HYPOTHESIS AND THEORY article
Sec. Psychology for Clinical Settings
Volume 13 - 2022 | https://doi.org/10.3389/fpsyg.2022.868103
Toward Synergies of Ketamine and Psychotherapy
- 1Department of Psychiatry and Behavioral Sciences, Johns Hopkins University School of Medicine, Baltimore, MD, United States
- 2School of Health Professions, Baylor College of Medicine, Houston, TX, United States
Ketamine is a dissociative drug that has been used medically since the 1970s primarily as an anesthetic agent but also for various psychiatric applications. Anecdotal reports and clinical research suggest substantial potential for ketamine as a treatment in conjunction with psychological interventions. Here, we review historical and modern approaches to the use of ketamine with psychotherapy, discuss the clinical relevance of ketamine’s acute psychoactive effects, propose a unique model for using esketamine (one isomeric form of ketamine) with Acceptance and Commitment Therapy (ACT), and suggest considerations for moving medication-assisted psychotherapy forward as a field.
Ketamine emerged from the study of phencyclidine (PCP) derivatives suitable for anesthetic use in humans, and its discovery in 1962 is attributed to Parke-Davis Labs and Dr. Calvin Lee Stevens, a professor of organic chemistry at Wayne State University (Domino et al., 1965). Early clinicians recognized ketamine’s dreamlike and hallucinogenic properties, experienced by patients as feeling “disconnected” from their environment, and leading to its classification as a “dissociative anesthetic” (Domino et al., 1965; Reier, 1971). The subjective effects associated with ketamine were observed to be “pleasant” (Domino et al., 1965), and investigators soon began to consider its broader value as an antidepressant and psychotherapeutic agent (Yensen, 1973; Fontana and Loschi, 1974; Sofia and Harakal, 1975). The drug has since been explored for a growing number of psychiatric applications both as a standalone medication and in combination with supportive interventions.
A compelling and transdiagnostic body of clinical research has emphasized the use of ketamine in combination with psychotherapy for mental health conditions. While psychotherapy is not easily defined, it has been reasonably described as an interpersonal intervention that relies on repeated encounters, a healing relationship, and a particular explanatory model, all within a structured therapeutic frame (Greenway et al., 2020). Psychotherapy may be simplified even further, to denote any “communication between patients and therapists that is intended to help people (American Psychological Association, 2017).” These definitions will be used hereafter to discuss a range of psychotherapeutic modalities involving ketamine administration.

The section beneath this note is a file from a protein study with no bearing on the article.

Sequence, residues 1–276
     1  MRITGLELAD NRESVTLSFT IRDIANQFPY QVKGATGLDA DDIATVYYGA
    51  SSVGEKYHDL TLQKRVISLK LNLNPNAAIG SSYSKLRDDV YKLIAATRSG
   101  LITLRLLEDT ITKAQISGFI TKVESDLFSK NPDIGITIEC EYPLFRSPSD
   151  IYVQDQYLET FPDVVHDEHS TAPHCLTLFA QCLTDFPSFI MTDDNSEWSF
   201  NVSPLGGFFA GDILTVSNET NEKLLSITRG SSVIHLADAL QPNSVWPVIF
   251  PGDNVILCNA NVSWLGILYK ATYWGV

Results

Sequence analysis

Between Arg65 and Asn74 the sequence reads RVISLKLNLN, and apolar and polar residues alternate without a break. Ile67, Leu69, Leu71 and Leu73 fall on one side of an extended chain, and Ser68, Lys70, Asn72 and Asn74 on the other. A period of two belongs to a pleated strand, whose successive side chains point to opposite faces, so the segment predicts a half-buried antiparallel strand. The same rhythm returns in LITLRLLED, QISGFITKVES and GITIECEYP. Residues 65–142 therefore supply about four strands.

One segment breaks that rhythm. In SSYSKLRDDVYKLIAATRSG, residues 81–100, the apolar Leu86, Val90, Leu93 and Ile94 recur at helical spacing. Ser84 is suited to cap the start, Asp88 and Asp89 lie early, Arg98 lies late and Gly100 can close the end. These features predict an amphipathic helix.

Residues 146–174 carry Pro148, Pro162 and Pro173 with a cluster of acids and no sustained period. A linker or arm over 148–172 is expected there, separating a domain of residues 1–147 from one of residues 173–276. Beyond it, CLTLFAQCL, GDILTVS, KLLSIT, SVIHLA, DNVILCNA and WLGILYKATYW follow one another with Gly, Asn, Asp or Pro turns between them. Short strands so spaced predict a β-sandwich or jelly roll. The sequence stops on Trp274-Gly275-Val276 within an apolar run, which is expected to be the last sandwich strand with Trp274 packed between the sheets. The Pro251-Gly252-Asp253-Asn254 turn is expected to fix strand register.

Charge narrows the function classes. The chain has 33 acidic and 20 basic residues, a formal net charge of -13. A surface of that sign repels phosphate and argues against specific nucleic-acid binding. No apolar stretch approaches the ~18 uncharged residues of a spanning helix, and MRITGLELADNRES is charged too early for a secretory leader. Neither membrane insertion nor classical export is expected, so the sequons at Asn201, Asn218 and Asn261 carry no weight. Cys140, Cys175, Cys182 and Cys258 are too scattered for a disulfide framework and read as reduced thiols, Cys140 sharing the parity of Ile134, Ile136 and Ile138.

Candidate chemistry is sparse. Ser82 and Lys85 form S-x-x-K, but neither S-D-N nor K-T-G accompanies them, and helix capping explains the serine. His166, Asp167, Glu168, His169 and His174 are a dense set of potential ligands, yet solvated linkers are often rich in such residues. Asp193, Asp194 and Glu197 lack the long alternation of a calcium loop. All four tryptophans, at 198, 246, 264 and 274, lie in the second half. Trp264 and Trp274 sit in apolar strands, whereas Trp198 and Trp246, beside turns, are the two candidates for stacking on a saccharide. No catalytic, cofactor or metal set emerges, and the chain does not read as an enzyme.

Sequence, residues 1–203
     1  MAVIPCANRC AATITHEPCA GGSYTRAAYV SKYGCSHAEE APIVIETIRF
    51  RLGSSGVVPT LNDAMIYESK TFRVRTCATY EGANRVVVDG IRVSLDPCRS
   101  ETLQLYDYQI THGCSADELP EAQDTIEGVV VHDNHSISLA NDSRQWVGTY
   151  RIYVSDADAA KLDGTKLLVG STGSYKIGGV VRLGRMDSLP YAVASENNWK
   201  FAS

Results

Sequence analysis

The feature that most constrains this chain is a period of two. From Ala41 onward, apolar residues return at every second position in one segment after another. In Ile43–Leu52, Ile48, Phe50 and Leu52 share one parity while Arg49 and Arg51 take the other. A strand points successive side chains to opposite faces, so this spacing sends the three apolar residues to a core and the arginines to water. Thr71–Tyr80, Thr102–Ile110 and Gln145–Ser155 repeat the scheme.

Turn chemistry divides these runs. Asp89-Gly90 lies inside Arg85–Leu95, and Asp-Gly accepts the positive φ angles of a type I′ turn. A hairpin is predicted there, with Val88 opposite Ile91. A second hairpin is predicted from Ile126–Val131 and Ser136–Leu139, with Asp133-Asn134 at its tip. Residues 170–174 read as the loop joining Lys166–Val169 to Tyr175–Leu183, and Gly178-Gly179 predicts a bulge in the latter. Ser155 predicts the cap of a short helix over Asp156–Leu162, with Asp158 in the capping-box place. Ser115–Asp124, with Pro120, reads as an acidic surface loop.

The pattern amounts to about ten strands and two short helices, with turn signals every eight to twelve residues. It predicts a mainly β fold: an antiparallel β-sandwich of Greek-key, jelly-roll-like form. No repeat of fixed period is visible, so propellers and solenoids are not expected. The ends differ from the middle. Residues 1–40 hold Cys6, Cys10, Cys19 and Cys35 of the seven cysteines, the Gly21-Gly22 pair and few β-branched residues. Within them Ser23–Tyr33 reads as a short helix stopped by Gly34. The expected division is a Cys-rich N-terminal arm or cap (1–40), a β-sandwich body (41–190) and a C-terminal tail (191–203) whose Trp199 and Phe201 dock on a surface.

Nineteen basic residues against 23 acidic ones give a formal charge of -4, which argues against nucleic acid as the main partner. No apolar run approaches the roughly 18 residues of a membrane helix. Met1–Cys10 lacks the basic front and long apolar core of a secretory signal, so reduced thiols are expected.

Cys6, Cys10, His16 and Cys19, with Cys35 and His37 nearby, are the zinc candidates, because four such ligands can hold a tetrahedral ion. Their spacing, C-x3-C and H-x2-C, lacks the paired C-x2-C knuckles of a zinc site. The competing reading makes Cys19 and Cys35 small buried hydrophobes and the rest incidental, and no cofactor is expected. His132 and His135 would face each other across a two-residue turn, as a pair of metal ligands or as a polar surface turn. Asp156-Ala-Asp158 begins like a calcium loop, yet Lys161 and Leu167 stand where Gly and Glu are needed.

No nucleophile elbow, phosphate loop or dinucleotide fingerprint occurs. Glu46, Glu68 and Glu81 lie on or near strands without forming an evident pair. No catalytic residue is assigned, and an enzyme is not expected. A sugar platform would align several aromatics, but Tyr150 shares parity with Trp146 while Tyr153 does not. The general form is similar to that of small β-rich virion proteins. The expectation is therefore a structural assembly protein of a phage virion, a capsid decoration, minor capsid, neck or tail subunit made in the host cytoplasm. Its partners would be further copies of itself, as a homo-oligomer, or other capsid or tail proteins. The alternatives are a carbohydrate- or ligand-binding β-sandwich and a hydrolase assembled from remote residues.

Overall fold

The idea of harnessing psychotherapy with pharmacotherapy has been considered before. The additive and synergistic effects of combining conventional antidepressants and psychotherapy, for example, are well-established (Cuijpers et al., 2014; Dunlop, 2016). Some precedent even exists for the approval of drug-therapy combinations by regulatory bodies such as the U.S. Food and Drug Administration [FDA; 21 CFR 201.57 (c)(2)(i)(A), 2022]. Medications such as naltrexone extended-release injectable suspension for alcohol and opioid dependence, bupropion hydrochloride extended-release for smoking cessation, and buprenorphine sublingual tablets for opioid dependence are all labeled for use in conjunction with therapy. This is also expected to be the case if psilocybin and MDMA are approved as psychiatric treatments for major depression and post-traumatic stress disorder (PTSD), respectively (Yazar-Klosinski and Mithoefer, 2017; Johnson et al., 2018).
Combination strategies serve a variety of purposes, driven largely by the limitations of single-modality interventions. These strategies serve to address treatment non-response, residual symptoms, and relapse and recurrence involving psychiatric illness (Dunlop, 2016). Others have further emphasized that approaches to pharmacotherapy that include psychotherapy have the potential to improve psychological flexibility, quality of life, and overall functioning, beyond symptom reduction, in ways that are valuable to patients (Kamenov et al., 2017; Watts and Luoma, 2020). Integrated approaches may also promote drug safety and tolerability. For instance, a therapy-oriented approach to psilocybin administration in research settings is thought to mitigate the psychological risks that are possible with treatment (Johnson et al., 2008). The use of psychotherapy with ketamine could similarly address treatment risks, for example, by allowing for drug-sparing treatment paradigms that are of public interest and decrease the likelihood of tachyphylaxis (Mathai et al., 2020, 2021).
What is perhaps most unique to the use of ketamine as a therapeutic adjunct is its status as a highly psychoactive, medically legal, and reliably perplexing agent. Here, we review historical and modern approaches to the use of ketamine with psychotherapy, discuss the clinical relevance of ketamine’s acute psychoactive effects, propose a unique model for working with esketamine (the S-enantiomer of ketamine), and make suggestions for moving forward as a field. We emphasize a conceptual understanding of ketamine and psychotherapy, rather than the specific parameters of treatment administration.